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Klamath County approves second developmentally disabled resident abuse investigator

A photo looking across a main street at a row of businesses. In the foreground is clock on an ornate lamp-post style pole, the clock is lit up and wording above it says "Klamath Falls Observatory Time"
Wayne Hsieh
Downtown Klamath Falls

The Klamath County Office of Developmental Disability Services will get another investigator to look into reports of abuse against intellectually or developmentally disabled residents.

Klamath County commissioners approved the additional protective services investigator position on Tuesday.

The county has seen at least 200 more residents seeking help from the Office of Developmental Disability Services over the last couple of years. The office believes those increases have resulted in more reports of abuse and exploitation.

“That can range across a myriad of situations," said Director Myles Maxey. "That could be they feel like their provider or their family is taking their money, that could be physical abuse, that could be sexual abuse.”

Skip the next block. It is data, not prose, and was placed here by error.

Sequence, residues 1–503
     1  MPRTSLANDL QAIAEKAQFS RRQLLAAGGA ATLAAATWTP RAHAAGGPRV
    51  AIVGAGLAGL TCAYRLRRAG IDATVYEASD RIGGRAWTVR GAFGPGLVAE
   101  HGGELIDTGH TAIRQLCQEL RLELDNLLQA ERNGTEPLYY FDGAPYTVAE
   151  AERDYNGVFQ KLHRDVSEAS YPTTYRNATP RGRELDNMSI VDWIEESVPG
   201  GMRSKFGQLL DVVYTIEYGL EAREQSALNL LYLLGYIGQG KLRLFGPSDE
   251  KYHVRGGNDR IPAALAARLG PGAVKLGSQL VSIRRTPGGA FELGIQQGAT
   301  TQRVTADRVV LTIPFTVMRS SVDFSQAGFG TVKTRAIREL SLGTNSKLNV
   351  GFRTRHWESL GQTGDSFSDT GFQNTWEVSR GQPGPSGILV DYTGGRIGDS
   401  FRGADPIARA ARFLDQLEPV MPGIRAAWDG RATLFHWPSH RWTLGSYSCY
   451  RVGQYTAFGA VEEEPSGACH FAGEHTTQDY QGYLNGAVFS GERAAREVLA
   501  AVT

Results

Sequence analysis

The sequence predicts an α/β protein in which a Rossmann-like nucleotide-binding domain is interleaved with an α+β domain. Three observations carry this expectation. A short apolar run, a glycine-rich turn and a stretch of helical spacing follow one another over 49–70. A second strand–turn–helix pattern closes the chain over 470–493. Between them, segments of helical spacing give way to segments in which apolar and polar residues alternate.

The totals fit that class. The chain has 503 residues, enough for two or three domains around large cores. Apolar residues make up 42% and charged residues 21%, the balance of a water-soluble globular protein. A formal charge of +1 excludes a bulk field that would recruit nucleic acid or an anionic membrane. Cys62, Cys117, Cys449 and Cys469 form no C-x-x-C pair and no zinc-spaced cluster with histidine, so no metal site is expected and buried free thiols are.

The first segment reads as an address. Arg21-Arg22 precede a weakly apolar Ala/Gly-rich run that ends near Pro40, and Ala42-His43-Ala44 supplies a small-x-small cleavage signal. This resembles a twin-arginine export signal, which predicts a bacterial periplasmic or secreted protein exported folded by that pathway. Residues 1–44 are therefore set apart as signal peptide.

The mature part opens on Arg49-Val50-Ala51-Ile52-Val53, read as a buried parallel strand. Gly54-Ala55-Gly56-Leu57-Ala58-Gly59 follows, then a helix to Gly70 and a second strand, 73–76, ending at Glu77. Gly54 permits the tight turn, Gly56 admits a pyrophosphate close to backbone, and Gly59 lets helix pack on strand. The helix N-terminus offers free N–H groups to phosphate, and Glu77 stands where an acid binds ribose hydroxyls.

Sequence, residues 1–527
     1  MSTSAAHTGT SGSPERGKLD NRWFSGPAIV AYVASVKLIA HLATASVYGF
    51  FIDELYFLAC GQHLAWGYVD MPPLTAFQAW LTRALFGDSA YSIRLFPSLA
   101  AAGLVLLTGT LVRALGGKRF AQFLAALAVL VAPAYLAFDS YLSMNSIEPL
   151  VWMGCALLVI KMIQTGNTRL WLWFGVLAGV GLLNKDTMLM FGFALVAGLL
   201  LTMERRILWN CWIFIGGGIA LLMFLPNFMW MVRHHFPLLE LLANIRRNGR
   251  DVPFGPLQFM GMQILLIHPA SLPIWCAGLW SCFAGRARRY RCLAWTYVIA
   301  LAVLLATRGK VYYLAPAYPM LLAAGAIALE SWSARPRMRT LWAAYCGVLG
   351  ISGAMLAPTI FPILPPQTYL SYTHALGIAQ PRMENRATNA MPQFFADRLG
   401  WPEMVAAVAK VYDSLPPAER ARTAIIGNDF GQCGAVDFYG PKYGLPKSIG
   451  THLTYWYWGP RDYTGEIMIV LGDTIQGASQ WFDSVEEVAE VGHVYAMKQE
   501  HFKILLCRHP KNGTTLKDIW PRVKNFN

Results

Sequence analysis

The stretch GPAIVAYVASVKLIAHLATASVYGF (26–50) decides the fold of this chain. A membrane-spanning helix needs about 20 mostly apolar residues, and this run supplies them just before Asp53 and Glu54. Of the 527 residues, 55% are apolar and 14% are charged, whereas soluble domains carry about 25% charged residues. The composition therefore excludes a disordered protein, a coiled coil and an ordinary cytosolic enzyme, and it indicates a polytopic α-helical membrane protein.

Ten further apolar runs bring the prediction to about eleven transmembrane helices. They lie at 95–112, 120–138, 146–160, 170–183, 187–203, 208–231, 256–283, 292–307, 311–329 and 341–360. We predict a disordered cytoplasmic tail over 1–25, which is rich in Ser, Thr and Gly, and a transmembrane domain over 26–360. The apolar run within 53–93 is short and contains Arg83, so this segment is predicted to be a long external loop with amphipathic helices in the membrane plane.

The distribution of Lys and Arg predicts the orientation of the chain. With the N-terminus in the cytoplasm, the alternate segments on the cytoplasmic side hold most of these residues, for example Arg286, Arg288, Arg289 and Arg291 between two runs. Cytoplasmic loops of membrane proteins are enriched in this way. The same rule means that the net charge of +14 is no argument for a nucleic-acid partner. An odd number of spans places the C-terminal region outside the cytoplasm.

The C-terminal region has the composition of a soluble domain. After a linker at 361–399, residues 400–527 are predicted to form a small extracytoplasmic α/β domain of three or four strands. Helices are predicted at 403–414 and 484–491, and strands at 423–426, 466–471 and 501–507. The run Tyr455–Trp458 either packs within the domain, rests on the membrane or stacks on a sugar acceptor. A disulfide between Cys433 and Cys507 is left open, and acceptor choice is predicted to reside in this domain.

The new investigator will help one other specialist on staff look into around 30 reports per month. At least five of those on average will turn into full-fledged, multi-week investigations, Maxey said. Those incidents range from minor disputes to criminal acts that require police involvement.

Right now, much of the work evaluating reports falls on other staff members who are often busy with their own jobs, Maxey said. Having a second investigator will decrease the need to do that.

“I think there will still be times that we may need to pull in those additional staff," Maxey said. "But it is backup. It's part of their job description, just not a primary. It's very much a secondary aspect of their job.”

Maxey said they’ll begin taking applicants immediately.

Roman Battaglia is a regional reporter for Jefferson Public Radio. After graduating from Oregon State University, Roman came to JPR as part of the Charles Snowden Program for Excellence in Journalism in 2019. He then joined Delaware Public Media as a Report For America fellow before returning to the JPR newsroom.